Monday, December 14, 2009

Recently I traveled to PETERS GLAMALEREI STUDIOS in Paderborn Germany to oversee a public art project for the MTA subway station in Rockaway Beach, New York. Directly below is the original art I created that will be painted on glass blocks and installed in the spring of 2010. The following images show the initial fabrication process, some glass experiments I did while I was there and some inspiring images from the town of Paderborn.

One of the large studios at PETERS STUDIOS. The studio where I worked was up the stairs.
These are the initial test blocks I arrived to. I thought the technique and execution was fantastic but the only problem was that the colors needed to be more saturated and vibrant more like the way they appear on the computer screen rather than any printout. Since the community where the art is to be installed is a vibrant mix of cultures, each that have their own colorful associations, the colors needed to reflect these associations and vibrancy.
The new color tests based on our discussions before firing.
These are the new color test I woke to the next morning after our discussions about how color should function in the piece. Perfect...
The original art was created in the computer as a RGB file to take advantage of light so we referenced the actual computer file on screen to decide on final colors.
Blocks in the frame which represents the actual final space between the blocks after installation being masked for the next color application and firing. Notice the one to one final art printout underneath for reference.
The same blocks as above after firing. Gray 50% neutral rainy day in background.

Test for the color and frisket of the faces section based on a 600dpi and a 300dpi file. 600pdi, pictured on the right, was the clear standout. The overall spiral image of the heads was originally drawn in a small moleskine sketchbook and scanned for inclusion in the art.

Freshly fired blocks right out of the kiln. It takes several days to fire and cool this many blocks.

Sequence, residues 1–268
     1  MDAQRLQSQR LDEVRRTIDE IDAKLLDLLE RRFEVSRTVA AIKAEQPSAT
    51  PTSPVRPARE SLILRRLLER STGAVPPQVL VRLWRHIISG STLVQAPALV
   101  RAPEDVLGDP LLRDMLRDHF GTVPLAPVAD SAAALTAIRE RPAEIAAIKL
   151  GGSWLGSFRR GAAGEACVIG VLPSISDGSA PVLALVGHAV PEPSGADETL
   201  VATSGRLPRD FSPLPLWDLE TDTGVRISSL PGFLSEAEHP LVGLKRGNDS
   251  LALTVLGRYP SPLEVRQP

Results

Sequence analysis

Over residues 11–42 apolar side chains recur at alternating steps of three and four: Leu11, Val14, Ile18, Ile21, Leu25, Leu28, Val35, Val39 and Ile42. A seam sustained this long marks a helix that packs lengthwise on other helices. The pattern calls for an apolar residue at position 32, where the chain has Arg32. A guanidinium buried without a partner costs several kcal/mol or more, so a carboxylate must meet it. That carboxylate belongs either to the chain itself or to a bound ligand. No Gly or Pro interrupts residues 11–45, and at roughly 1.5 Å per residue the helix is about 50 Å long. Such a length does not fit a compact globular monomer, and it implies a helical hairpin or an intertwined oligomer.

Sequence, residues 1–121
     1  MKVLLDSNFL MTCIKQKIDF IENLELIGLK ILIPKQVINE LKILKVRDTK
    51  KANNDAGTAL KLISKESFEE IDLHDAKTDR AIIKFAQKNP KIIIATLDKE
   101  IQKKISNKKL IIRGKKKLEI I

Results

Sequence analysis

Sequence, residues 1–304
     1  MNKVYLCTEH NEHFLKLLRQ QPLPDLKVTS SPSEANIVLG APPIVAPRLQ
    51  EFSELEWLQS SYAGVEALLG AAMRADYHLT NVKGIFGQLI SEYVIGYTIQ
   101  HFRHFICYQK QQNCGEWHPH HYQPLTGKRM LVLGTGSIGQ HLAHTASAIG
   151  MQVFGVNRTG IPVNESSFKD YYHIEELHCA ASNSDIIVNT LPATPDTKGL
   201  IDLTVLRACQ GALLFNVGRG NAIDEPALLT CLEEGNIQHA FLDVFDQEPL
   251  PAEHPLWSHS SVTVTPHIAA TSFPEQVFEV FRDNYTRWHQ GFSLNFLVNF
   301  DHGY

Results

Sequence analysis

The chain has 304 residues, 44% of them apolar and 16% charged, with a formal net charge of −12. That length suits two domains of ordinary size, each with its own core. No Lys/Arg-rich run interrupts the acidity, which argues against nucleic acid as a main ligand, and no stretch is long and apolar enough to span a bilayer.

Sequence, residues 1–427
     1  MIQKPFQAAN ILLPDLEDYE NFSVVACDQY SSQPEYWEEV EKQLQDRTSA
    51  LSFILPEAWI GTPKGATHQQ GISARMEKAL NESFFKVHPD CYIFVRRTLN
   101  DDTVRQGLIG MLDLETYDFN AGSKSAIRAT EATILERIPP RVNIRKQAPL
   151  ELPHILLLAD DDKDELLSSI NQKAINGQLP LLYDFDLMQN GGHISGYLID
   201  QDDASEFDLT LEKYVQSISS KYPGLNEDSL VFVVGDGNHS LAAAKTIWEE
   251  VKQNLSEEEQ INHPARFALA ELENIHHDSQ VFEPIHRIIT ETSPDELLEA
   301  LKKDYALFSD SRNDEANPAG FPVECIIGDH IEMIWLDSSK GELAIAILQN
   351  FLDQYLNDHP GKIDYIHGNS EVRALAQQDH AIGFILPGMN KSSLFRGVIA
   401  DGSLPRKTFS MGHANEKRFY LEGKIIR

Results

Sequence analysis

Picutre here is Eduard, the artisan creating the actual paintings on the individual blocks. He really found all these textures and techniques that really are making the piece come alive.
There was quite a bit of downtime in between discussions about the MTA project and test firings so they gave me a studio, access to all their materials and studio artisans for technical advice and guidance. The Image above and the next series of images are from experiments with the medium of glass I did during my stay at PETERS STUDIOS.

This series is an experiment with and image out of my sketchbooks where we decided to sandblast the type and add some airbrushed color after. This is the peeling of the frisket created from the scanned sketchbook page.
The piece post sandblasting/pre firing in the kiln. A pretty nice size...
The final piece

This was a failed experiment that never made it to the kiln for firing based on the same image from my sketchbook as above. The type was going to be fired as a black line but the black paint kept peeling up when we tried to remove the frisket. We determined that it would have been best to silkscreen the black line then fire it. Next time...

Paderborn Cathedral in Germany was a short walk from the studio apartment I stayed in at PETERS STUDIOS while overseeing the MTA/Rockaway subway station project. It's mainly from the 13th century. Amazing organ, choir, stained glass, crypt and gates.
These images are these gates that were all around the base of the cathedral going into various alcoves. They were incredibly striking as the light from outside streaming in to the darkened cathedral really helped to contrast and create silhouette shapes that enhanced the illusion of perspective. Up close you could see that they were painted with great detail. They really illustrated the ideas they propose as an overall experience.

Post-war Baroque style window from The cathedral. Apparently Baroque windows employed a great degree of white or transparent glass.